Sauerkraut is one of the simplest preserved foods, made by curing shredded cabbage with salt in a crock or jar. The drained liquid — drawn out of the cabbage by the salt through the process of osmosis — becomes the kraut’s flavorful, self-preserving brine. But there’s another process at work here, and it involves wee beasties. Bacteria.
Let’s set the record straight: Bacteria aren’t all bad. Several types of these microorganisms are very bad indeed, but others are beneficial, and necessary, to the processing of many foods. Take Lactobacillus. This bacteria is crucial to the creation of everything from pickles, yogurt and miso, to kimchi, sourdough and sauerkraut. Wine and beer? Those, too!
In the case of kraut, Lactobacillus converts the natural sugars found in cabbage to lactic acid through a process called lactic acid fermentation, or lacto-fermentation for short. This conversion ultimately imparts the appealingly acidic flavor we associate with sauerkraut. Furthermore, lactic acid is a natural preservative that prevents growth of more harmful bacteria — particularly important historically when fresh ingredients were scarce and refrigeration was a thing of the future.
Through the years the art of preservation persisted, more to satisfy our tastes than as a means of nourishment during the lean winter months. Though popularity has come in spurts and stops, sauerkraut and other fermented foods once again have a strong pulse. Encouraged by my German heritage, it felt about time to try my hand at homemade sauerkraut.
For my first I chose a bare bones recipe that calls for cabbage and salt with only one additional flavoring ingredient: caraway. To make due without a traditional stoneware or ceramic fermentation crock, I stuck with a small batch size and used two 1-quart glass jars with lids. Twelve short weeks later and Bob’s meines Onkel — kraut!
What’s in it for me?
In addition to the production of lactic acid discussed above, lacto-fermentation increases bio-availability of vitamins, minerals and enzymes in the cabbage. Also, its extraordinarily rich supply of probiotics, the healthy bacteria found in our intestinal tracts that — among many other important roles — help the digestive system run smoothly, enhance the immune system, and further improve our body’s ability to utilize nutrients in foods we eat.
The plain green cabbage itself is not so plain after all when you look at its nutritional benefits. A member of the brassica family of vegetables, it’s often referred to as a cole crop or a crucifer — a group that also includes dark, leafy greens like kale and collards, broccoli, cauliflower, Brussels sprouts and radishes.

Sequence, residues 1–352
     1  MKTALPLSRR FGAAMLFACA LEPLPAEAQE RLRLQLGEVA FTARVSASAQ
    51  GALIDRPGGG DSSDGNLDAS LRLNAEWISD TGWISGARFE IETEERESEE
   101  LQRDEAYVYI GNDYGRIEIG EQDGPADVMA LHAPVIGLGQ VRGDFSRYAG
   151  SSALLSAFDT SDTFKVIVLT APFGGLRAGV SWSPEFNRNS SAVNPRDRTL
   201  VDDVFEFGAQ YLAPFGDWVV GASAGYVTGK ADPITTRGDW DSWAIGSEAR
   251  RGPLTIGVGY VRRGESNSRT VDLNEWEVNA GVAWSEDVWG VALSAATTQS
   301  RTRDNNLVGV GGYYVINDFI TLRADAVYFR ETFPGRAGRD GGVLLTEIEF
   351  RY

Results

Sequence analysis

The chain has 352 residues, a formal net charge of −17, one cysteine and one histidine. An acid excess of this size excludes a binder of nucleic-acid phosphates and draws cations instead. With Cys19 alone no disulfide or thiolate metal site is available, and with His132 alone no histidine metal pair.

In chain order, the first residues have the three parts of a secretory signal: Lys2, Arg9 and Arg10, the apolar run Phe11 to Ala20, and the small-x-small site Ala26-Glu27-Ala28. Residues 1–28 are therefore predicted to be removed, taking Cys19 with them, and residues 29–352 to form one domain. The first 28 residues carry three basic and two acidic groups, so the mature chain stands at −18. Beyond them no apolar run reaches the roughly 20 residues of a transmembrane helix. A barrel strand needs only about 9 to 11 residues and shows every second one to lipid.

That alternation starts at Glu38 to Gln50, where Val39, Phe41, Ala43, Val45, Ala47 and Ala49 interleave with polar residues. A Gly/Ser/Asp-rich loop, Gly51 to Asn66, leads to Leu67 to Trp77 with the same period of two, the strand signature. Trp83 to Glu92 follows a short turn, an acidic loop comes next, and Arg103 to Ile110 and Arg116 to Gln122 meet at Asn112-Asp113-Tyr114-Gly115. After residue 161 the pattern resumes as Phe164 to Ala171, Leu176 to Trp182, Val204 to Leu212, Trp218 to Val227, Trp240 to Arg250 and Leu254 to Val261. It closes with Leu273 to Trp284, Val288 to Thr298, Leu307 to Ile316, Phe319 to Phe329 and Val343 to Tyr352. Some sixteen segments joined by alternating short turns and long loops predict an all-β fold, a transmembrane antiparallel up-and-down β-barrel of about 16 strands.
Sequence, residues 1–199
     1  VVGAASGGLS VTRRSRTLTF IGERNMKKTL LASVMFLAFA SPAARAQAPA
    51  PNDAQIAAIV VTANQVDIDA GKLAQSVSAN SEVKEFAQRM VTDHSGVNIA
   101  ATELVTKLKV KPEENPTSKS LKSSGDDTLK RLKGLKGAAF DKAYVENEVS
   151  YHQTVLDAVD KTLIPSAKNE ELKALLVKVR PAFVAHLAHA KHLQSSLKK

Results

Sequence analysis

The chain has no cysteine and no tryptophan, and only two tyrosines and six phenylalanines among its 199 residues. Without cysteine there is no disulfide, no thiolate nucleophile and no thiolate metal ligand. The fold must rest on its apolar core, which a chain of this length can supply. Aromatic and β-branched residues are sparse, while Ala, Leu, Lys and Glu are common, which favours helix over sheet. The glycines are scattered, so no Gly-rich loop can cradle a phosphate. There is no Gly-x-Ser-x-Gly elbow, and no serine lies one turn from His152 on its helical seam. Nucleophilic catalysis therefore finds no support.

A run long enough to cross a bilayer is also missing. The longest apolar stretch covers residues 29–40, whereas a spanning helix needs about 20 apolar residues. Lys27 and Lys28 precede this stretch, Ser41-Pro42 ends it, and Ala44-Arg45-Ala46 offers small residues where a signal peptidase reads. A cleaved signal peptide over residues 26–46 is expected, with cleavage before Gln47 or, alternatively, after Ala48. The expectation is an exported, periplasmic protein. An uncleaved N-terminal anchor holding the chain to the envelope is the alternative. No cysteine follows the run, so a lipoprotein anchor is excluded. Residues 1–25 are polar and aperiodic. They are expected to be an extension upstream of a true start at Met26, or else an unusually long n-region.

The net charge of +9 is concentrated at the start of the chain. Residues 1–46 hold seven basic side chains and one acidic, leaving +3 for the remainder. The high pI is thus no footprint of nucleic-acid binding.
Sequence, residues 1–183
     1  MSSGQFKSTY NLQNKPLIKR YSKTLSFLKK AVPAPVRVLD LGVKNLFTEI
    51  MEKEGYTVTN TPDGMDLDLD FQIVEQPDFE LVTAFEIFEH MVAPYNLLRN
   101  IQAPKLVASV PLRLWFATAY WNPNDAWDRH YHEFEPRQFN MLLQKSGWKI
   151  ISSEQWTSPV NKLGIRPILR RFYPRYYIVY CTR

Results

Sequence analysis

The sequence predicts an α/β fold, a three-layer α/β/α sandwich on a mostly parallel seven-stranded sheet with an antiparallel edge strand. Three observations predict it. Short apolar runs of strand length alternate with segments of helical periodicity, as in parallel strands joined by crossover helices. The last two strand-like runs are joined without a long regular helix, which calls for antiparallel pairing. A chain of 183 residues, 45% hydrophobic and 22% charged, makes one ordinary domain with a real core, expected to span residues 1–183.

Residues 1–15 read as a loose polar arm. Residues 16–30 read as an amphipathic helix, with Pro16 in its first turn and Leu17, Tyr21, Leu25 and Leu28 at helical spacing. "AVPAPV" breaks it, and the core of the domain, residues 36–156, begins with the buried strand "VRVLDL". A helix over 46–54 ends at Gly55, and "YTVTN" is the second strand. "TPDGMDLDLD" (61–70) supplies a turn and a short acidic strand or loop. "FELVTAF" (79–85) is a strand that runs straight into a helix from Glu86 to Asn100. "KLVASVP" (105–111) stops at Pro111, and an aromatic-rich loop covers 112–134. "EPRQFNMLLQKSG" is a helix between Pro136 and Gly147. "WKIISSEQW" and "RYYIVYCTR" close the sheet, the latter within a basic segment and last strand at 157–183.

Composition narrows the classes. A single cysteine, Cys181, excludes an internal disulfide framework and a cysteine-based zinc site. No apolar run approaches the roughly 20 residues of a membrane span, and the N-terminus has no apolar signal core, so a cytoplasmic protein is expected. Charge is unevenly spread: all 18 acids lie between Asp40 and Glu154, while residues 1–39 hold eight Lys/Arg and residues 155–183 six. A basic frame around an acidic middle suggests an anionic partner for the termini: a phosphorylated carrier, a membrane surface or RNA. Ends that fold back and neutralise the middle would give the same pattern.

At only about 20 calories per 1 cup [85 grams (g); raw], cabbage provides no fat or cholesterol, about 1 g of protein, 2 g fiber, 5 g total carbohydrate, only 15 mg sodium, a fair amount of manganese and folate, and is a good source of the antioxidant vitamin C. The high water and fiber content of cabbage aids in prevention of constipation and digestive health, blood sugar stabilization, and lowering of cholesterol levels.
Research from more than three decades consistently links regular consumption of cruciferous vegetables to decreased risk of infection, inflammation, and certain cancers, including breast, lung, bladder, colon, and prostate. Cabbage and the other crucifers are excellent sources of a particular group of phytochemicals called glucosinolates that, when broken down either by chopping or chewing, produce isothiocyanate compounds with anti-carcinogenic properties. Another compound known as DIM (3,3′-Diindolylmethane) may mediate the harmful effects to blood cells and tissues from radiation therapy.
Newer studies are providing evidence that eating green leafy vegetables and other foods rich in vitamin K,* as well as lutein and beta-carotene, like cabbage, can protect against loss of memory and other cognitive abilities as we age.
Caraway seeds — technically not seeds, but fruits of the parsley family — impart a warm, earthy flavor with a slight hint of licorice. A mere 1 Tbsp provides 10% of your daily fiber needs, and only 1 gram of total fat, divided in a fairly even proportion of healthy monounsaturated and polyunsaturated fats.
Its health benefits are less widely studied. Some research suggests the seed’s high antioxidant content provides some anti-fungal properties, and may improve digestive function. In cultures around the world, caraway is used to help relieve menstrual cramps, freshen breath, and as a galactogogue — a natural compound to increase flow of breast milk for nursing mothers. (Possibly one of the reasons why some cultures toss caraway seeds in addition to grains of rice as a newly wedded couple passes back down the aisle, as a harbinger of love and fertility?)